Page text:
THIRTEEN ACROSS by Dan Grant

THIRTEEN ACROSS

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KIRKUS REVIEW

U.S. authorities try to solve the puzzle that a vengeance-seeking terrorist leaves behind in Washington, D.C., in this thriller.

FBI Special Agent and physician Kate Morgan is riding a commuter train to a congressional hearing. But she’s lucky to be alive after an explosive obliterates the tracks and derails the train. Readers know immediately that a man named Phillip Barnes is responsible for the attack, but his motives aren’t entirely clear. He definitely has a vendetta against Kate, whom he blames for killing his family. Inside a briefcase marked with Kate’s name, Barnes leaves a partial crossword puzzle and corresponding clues. Feds hope that deciphering the puzzle will lead them to the site of the next attack before it happens. Meanwhile, the Pentagon sends U.S. Army Capt. Rachel Pratt to assist the FBI’s investigation, though her secret directives include locating and eliminating the threat. But once she identifies the culprit as Barnes, with whom she has a personal history, Pratt ignores orders to return to her post and continues hunting the terrorist. As more pieces of the crossword arrive, feds bring in puzzle-solving guru (and civilian) Will Shortz for assistance. Kate begins to suspect that the strike in Washington relates to a covert program involving experiments on American soldiers. She’s likewise certain that Pratt, though helpful, is withholding information from her. Nevertheless, neither woman is safe, as Barnes’ plan, after he toys with the unwitting participants in his game, is sure to have a lethal ending.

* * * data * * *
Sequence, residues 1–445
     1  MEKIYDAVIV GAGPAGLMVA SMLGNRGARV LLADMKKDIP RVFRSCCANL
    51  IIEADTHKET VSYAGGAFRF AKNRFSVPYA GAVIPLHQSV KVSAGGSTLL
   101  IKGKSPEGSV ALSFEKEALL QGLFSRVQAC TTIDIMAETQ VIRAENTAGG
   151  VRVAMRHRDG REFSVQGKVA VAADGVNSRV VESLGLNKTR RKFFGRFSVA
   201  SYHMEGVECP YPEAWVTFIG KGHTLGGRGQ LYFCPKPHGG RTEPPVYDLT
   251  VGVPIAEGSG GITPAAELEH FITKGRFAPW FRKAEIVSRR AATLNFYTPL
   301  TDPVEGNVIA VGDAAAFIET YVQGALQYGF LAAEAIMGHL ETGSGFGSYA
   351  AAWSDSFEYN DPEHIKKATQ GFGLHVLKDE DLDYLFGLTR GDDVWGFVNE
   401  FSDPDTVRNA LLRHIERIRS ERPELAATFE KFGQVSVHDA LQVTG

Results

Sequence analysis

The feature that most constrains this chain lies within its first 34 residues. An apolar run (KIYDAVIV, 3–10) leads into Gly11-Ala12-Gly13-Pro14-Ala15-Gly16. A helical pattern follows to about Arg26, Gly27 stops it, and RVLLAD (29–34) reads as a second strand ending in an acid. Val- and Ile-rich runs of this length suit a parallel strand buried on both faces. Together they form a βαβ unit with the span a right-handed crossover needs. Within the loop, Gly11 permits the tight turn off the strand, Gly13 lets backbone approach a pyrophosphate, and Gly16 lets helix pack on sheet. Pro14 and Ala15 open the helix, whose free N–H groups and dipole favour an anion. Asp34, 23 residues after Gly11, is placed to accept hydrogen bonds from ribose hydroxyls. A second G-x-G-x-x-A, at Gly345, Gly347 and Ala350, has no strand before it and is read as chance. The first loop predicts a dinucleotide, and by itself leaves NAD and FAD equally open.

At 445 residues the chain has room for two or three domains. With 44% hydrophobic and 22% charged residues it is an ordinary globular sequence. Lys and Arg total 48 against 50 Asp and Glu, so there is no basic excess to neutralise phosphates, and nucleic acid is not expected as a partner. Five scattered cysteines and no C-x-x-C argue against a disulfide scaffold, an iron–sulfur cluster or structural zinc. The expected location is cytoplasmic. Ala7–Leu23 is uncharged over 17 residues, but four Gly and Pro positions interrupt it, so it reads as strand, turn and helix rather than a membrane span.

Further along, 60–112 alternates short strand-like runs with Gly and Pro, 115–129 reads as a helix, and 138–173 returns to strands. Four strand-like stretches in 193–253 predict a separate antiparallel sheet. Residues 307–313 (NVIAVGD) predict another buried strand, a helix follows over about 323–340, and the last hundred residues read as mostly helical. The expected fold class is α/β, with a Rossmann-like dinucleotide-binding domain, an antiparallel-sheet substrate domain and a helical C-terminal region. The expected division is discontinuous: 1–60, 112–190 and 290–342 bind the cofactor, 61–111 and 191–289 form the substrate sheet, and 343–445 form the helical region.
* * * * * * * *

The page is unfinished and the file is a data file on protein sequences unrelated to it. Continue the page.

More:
Grant (The Singularity Witness, 2018) fills this narrative with superlative female characters. Kate, for one, who appeared in the author’s preceding novel, is as smart as she is capable. She decrypts many of Barnes’ clues on her own and survives more than one explosion through sheer determination. There’s also equally intelligent Strategic Information & Operations Center unit chief Alice Watson, and resourceful, enigmatic Pratt. A surprising standout character among the men is Shortz, a fictionalized version of the real-life puzzle master. Though he’s unaccustomed to someone pointing a gun at him, he keeps his cool when it inevitably occurs. Grant retains a steady pace and suspense as even the reverberations of bombings elicit lasting images: “A heavy sky had turned orange, almost bloodlike in spots. Fire licked at building openings, places where doors and windows had been.” What exactly is unfolding, especially specifics on the revenge Barnes seeks, is a mystery for much of the story. But it’s the characters that truly generate the narrative tension. For example, Kate is understandably wary of Pratt, who’s sometimes deceitful and typically evasive. This ultimately leads to a gleefully convoluted face-off with Kate and several other characters that sizzles with revelations, double crossings, and seemingly shifting alliances. Some things are left unresolved by the end, like a mystery possibly involving neuroscientist Thomas Parker, who despite starring alongside Kate in the earlier book doesn’t show up here. But Grant thoroughly and convincingly wrap ups this story’s main plot.

A taut, exhilarating mystery with plenty of material for a sequel.

Pub Date: May 6th, 2019
ISBN: 978-1-73250-405-9
Page count: 512pp
Publisher: MindScape Press, Inc.
Program: Kirkus Indie
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